The Butterfly Murders:”Well, a common man in the martial world is usually looked down by the others.”

Year: 1979
Directed by Tsui Hark
Produced by Ng See-Yuen
Written by Lam Chi-Ming and Lam Fan
Cast: Lau Siu-Ming, Michelle Yim, Shu Tong Wong, Qiqi Chen, Chiang Wang, Chang Kuo-Chu, Eddy Ko, Kuang-Li Hsia, Wynn Lau, Ma-San See, Xieqi Zhou, and Danny Chow

A string of murders draws in a warring clan to a mysterious castle where a dark conspiracy will unravel.

The directorial debut of Tsui Hark is, undeniably, a peculiarity. The Butterfly Murders is a dramatic entrance of a director whose proclivity for creativity and genre blending would make him world famous. The Butterfly Murders is simultaneously a conventional and unconventional film. In the sense, Tsui Hark’s directorial debut is an odd genre blend. And, plot-wise, is hardly that different from many martial art titles under the Shaw Bros. The Butterfly Murders is highly distinctive because of its setting, aesthetics and art design. Hark envisions a harsh alternate world a concept that he would not revisit until The Blade, 16 years later. The ahistorical world in The Butterfly Murders is removed from our own and faintly retro futuristic in its technology. It lives up to its name of delivering killer butterflies since the murderous butterflies are conveyed very convincingly with an attention to detail. An attention to detail that extends to the sets as well. The Butterfly Murders probably contains one of the best showcases of worldbuilding ever in a martial art picture. Tsui Hark and his team being able to craft such great worldbuilding really allows us to soak in the atmosphere of the story.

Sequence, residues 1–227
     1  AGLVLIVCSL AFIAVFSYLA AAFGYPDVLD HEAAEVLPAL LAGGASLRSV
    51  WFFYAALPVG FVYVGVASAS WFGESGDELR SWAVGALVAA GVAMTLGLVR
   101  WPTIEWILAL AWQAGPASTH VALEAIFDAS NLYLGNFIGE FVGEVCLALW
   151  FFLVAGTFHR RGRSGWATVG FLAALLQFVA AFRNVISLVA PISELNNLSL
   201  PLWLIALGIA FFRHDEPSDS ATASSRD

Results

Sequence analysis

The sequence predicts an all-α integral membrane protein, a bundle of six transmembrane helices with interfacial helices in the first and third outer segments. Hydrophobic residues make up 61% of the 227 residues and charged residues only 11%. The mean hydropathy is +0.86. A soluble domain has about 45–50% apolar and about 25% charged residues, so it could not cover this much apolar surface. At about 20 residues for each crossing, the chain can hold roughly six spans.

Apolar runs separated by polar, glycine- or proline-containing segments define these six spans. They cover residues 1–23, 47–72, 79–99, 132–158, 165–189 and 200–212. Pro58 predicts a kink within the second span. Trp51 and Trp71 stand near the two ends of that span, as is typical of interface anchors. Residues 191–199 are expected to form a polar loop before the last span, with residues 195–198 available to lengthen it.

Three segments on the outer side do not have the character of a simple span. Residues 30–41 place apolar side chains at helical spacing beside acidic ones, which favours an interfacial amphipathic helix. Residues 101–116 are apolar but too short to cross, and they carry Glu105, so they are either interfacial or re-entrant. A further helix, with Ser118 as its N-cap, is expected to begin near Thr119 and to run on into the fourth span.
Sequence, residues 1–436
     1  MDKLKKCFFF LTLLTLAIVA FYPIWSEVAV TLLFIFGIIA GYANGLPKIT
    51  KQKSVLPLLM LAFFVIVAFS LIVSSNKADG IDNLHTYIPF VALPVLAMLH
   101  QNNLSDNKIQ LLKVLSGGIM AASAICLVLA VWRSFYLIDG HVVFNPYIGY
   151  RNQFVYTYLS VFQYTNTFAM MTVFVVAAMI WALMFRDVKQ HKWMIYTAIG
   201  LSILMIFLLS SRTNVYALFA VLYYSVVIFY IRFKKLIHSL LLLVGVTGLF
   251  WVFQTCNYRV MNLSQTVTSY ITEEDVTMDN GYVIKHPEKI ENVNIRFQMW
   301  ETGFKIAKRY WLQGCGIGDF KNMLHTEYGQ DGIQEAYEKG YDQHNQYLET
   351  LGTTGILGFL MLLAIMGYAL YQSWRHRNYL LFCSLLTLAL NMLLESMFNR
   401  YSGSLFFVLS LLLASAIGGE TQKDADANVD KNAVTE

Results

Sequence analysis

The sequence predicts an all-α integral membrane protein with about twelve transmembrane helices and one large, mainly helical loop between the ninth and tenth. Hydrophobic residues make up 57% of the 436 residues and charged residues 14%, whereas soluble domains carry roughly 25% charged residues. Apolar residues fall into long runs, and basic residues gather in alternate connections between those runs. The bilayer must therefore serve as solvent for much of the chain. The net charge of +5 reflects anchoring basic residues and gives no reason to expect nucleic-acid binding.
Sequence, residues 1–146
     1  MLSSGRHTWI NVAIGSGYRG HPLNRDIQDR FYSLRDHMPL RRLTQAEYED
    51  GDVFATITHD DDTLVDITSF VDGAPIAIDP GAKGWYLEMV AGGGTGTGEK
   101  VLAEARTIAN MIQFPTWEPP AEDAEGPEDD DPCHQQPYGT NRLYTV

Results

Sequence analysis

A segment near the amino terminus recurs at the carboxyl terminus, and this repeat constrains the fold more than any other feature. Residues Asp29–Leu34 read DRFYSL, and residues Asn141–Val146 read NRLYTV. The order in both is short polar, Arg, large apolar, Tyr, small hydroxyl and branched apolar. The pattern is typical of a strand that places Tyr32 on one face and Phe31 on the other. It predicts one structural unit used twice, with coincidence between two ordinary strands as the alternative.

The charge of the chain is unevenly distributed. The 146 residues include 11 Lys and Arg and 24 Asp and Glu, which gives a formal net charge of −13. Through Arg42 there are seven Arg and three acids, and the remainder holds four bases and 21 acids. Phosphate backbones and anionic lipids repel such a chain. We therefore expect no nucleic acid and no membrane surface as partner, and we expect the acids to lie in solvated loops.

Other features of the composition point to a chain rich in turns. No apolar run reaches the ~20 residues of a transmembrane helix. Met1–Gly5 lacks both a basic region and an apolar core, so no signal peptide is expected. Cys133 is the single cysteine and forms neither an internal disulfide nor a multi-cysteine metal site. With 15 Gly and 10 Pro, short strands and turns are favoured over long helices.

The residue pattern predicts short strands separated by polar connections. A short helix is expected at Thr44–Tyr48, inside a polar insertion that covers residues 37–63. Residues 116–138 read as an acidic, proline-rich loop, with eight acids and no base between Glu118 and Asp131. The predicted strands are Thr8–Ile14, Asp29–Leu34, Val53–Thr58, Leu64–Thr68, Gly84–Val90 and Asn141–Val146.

Brillant concepts can’t make up for lackluster execution. Needless to say, brilliant concepts are defined by their execution. The Butterfly Murders suffers from a mediocre execution. Tsui Hark’s first outing fails to live up to the potential that the amazing worldbuilding builds up. While the mystery has atmosphere to back it up, it falls short due to dumps of awkward expositional dialogue. The core cast of characters are bit too passive and don’t have enough action scenes. And, poor editing leaves the action scenes much to be desired. These flaws leave too many lulls in the plot.

The Butterfly Murders as a first outing is an impressive feat of a director. Tsui Hark’s directorial debut is charmingly quirky in its cinematic direction although it fails to fulfill its full potential.

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